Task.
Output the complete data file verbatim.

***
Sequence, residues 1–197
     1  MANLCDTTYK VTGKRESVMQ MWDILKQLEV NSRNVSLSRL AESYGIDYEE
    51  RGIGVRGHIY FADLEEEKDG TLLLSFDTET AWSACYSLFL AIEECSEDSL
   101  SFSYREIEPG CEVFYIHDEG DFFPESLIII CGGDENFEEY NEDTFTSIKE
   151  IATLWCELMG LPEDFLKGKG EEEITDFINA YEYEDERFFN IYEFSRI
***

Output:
Sequence, residues 1–197
     1  MANLCDTTYK VTGKRESVMQ MWDILKQLEV NSRNVSLSRL AESYGIDYEE
    51  RGIGVRGHIY FADLEEEKDG TLLLSFDTET AWSACYSLFL AIEECSEDSL
   101  SFSYREIEPG CEVFYIHDEG DFFPESLIII CGGDENFEEY NEDTFTSIKE
   151  IATLWCELMG LPEDFLKGKG EEEITDFINA YEYEDERFFN IYEFSRI